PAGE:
The word "Apocrypha" (a neuter plural adjective) means: (1) hidden, concealed, and refers to the works which were written to an inner circle of people, sometimes a heretical sect, and which could not be, and were not supposed to be, understood by those outside; hence it had the force of secret, mysterious, occult. (2) From the thought of concealment, connected with darkness, came the second meaning, spurious, forged, of unknown or fraudulent authorship or contents, heretical. (3) In the fourth century A.D. the word came to be used in the sense of uncanonical, unrecognized, and to be applied to those religious books which did not have the same authority and value as the inspired Scriptures.

1. It is universally acknowledged that they never had a place in the Hebrew Canon.

2. They are never quoted in the New Testament, either by Christ or by His apostles or by any writer, much less do these ascribe to them inspiration or canonicity.

3. Josephus expressly excludes them, limiting the number of divinely inspired books to twenty-two, which are the books found in our Old Testament.

4. Philo, the great Jewish philosopher of Alexandria (20 B.C. to 50 A.D.), wrote prolifically and quoted largely from the Old Testament Scriptures, yet he never quoted from the Apocrypha, nor even mentioned them.

5. They are not found in any catalogue of canonical books made during the first four centuries A.D., or nearly so.

6. Jerome declared for the strict Hebrew Canon, and rejected the authority of the entire Apocrypha in the most emphatic manner.

7. Divine inspiration is claimed by none of the writers, and is definitely disclaimed by some of them.

8. They are entirely without the true prophet element. After Malachi the succession of prophets had ceased. The period from Malachi to Christ is known as the four hundred silent years. No one speaks (writes) with a message from Jehovah.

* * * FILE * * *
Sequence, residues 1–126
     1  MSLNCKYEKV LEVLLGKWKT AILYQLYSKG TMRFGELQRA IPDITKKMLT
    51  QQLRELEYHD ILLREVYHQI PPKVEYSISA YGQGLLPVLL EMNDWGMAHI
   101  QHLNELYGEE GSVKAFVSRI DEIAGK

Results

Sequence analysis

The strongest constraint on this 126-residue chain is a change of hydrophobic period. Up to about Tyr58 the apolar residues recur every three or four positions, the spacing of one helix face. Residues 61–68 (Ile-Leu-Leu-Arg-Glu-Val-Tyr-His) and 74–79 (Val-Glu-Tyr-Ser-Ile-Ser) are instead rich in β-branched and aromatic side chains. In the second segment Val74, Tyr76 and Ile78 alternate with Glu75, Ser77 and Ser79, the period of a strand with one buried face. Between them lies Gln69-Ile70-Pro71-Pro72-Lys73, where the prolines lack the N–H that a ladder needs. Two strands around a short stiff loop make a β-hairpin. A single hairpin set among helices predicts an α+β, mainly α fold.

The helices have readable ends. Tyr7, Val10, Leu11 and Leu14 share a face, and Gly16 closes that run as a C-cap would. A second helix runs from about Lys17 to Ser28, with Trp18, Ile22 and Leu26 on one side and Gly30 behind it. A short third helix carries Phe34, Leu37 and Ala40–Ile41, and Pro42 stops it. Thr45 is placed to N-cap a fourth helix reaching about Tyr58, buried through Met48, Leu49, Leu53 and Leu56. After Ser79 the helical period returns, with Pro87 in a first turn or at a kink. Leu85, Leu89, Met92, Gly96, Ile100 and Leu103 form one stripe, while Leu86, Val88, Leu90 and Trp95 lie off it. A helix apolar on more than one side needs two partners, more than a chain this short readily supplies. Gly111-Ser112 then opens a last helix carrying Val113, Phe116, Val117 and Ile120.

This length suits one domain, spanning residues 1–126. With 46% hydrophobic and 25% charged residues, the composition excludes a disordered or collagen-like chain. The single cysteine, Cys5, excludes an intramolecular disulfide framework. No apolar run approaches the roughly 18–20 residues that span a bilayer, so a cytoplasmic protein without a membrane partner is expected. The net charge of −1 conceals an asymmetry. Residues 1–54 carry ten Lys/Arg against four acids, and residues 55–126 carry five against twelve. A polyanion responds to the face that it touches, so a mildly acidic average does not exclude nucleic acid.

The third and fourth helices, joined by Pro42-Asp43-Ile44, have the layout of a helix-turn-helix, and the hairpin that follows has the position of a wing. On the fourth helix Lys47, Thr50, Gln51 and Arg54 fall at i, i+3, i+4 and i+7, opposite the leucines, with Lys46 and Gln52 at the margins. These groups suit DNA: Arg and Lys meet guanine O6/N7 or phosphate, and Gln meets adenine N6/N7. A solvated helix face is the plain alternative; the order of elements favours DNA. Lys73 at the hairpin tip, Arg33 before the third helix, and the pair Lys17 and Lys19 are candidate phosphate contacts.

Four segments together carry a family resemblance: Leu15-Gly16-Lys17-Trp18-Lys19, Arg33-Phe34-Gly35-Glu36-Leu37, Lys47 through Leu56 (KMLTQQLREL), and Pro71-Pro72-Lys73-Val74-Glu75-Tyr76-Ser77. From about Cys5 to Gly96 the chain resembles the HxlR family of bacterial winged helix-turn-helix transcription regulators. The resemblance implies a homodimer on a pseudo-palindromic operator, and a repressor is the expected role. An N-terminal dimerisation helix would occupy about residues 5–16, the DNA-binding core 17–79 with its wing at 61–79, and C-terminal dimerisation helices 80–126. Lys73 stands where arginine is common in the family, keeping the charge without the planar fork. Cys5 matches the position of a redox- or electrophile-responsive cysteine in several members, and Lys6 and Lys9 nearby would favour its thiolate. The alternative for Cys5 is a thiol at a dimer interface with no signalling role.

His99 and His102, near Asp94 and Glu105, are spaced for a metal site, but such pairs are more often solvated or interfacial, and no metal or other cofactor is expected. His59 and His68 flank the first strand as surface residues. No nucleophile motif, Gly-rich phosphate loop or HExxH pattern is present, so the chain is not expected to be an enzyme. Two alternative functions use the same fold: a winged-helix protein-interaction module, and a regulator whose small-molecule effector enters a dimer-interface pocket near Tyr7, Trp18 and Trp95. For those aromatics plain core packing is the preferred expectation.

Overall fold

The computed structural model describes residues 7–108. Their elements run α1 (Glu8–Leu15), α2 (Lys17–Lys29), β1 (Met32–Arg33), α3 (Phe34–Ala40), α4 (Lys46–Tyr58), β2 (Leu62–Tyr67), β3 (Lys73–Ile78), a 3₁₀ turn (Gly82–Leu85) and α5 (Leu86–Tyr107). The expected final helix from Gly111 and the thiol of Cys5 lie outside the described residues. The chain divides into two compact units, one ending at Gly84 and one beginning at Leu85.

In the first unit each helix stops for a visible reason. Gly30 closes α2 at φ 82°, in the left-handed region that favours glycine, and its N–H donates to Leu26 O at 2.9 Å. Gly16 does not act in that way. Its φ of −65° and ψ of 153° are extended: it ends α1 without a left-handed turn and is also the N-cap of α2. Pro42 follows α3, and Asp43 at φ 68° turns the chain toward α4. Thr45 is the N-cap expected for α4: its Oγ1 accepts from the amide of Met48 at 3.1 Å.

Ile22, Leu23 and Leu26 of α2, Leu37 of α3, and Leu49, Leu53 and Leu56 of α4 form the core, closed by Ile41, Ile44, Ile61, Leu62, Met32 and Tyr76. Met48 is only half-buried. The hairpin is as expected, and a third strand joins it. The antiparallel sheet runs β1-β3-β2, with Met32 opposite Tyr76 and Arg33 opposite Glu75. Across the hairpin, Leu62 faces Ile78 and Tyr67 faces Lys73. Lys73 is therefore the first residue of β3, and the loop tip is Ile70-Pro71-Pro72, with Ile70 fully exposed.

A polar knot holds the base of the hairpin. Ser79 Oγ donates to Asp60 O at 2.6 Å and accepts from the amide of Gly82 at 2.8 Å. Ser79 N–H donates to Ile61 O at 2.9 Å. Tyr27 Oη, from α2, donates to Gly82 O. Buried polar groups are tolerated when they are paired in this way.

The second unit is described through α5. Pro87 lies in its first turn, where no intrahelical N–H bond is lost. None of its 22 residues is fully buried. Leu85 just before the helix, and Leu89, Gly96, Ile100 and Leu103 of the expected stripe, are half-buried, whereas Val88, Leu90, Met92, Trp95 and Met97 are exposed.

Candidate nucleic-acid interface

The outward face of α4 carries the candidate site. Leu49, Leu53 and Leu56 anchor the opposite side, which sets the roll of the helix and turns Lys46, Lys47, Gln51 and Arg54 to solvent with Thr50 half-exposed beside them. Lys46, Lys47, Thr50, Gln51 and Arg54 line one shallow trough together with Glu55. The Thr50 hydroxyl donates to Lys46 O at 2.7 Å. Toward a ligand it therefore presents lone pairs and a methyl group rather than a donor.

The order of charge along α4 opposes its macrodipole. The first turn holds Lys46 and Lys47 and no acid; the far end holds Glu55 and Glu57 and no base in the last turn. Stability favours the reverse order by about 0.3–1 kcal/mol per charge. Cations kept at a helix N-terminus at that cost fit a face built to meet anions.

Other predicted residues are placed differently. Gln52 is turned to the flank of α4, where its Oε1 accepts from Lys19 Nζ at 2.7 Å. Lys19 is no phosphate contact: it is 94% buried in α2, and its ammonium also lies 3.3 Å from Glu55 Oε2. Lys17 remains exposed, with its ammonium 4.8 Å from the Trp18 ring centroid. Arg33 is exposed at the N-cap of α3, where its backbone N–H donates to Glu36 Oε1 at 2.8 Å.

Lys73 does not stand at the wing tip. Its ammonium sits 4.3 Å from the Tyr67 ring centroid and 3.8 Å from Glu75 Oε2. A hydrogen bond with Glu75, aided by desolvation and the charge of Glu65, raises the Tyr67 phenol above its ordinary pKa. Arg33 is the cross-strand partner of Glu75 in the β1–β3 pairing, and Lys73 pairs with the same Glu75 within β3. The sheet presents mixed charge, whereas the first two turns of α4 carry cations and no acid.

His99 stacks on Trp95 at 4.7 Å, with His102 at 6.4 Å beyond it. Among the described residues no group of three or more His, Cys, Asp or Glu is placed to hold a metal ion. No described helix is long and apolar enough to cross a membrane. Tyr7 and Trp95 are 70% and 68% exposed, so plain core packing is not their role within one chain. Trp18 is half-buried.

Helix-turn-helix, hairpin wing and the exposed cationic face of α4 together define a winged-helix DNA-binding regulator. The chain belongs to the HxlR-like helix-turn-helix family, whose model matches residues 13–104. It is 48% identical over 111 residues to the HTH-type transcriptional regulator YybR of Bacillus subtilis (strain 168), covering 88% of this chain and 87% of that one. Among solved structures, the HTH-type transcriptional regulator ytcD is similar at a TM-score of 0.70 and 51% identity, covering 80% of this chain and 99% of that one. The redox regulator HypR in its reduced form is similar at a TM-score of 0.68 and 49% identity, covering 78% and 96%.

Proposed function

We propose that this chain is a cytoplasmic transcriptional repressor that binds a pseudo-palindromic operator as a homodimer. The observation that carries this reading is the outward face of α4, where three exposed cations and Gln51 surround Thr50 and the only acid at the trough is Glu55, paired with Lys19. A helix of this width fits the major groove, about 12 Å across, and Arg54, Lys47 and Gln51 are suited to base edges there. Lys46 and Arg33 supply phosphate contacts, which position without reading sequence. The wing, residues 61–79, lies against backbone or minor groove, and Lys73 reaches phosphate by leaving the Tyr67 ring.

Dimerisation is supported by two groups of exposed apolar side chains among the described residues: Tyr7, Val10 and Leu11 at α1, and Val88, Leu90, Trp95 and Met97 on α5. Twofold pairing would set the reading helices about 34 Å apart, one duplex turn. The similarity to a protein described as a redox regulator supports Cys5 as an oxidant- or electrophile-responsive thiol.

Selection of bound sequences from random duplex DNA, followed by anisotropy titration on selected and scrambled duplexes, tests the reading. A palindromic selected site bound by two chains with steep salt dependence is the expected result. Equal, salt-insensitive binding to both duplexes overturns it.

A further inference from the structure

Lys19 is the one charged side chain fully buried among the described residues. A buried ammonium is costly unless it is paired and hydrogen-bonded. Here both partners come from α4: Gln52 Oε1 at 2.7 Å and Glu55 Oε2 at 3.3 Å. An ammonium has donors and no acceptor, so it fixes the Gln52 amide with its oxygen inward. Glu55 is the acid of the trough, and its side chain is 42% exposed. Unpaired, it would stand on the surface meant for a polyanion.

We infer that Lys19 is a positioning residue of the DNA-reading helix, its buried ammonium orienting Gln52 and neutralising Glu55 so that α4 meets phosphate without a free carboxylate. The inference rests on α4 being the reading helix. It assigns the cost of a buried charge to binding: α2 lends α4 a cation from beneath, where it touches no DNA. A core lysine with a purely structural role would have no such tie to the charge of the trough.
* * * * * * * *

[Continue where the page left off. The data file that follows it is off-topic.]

9. The books contain many historical, geographical, and chronological errors, and distortions of Old Testament narratives, contradicting themselves, the Bible, and secular history.

10. They teach doctrines and uphold practices which are directly contrary to the canonical Scriptures. Lying is sanctioned, suicide and assassination are justified, salvation by works and by almsgiving, magical incantations, prayers of the dead for the dead, etc., are taught and approved.

11. Weakness of style, stiffness, lack of originality, an artificiality of expression as compared

with the canonical books, are noticeable.

12. Much of the literature is legendary, and the stories contain many absurdities.

13. The spiritual and moral level is, as a whole, far below that of the Old Testament. When one reads in the Old Testament and then turns to a reading in the Apocrypha, he feels that he is almost in another world.

14. The books were written much later than those of the Old Testament, long after its canon was closed. Some were written not long before, and so some, it is thought, after the Birth of Christ; yet they are made to imitate, a thin imitation, and some even profess to supplement, the Old Testament books.

15. Some of them were permitted to be read for instruction, but they were not considered canonical and authoritative for doctrine by any prominent man, set of men, nor church council until the Roman Catholic Council of Trent (1546), by a small majority, declared them so, and anathematized any who might think differently.

16. The Christian Church, the successor of the Jewish Theocracy, received from the Jewish people the same Old Testament Scriptures.

17. Christ and His apostles, in their use of the word "Scripture," indicate that the Old Testament Canon had long been fixed. Christ appealed to the Hebrew Scripture as to a well-defined collection of writings held in absolute reverence (Luke 24:25-27,44). His works in Matthew 23:35 cover the entire ground, from Genesis to II Chronicles, from the beginning to the end of the Hebrew Bible, since II Chronicles is the last book of the Old Testament according to the Hebrew arrangement.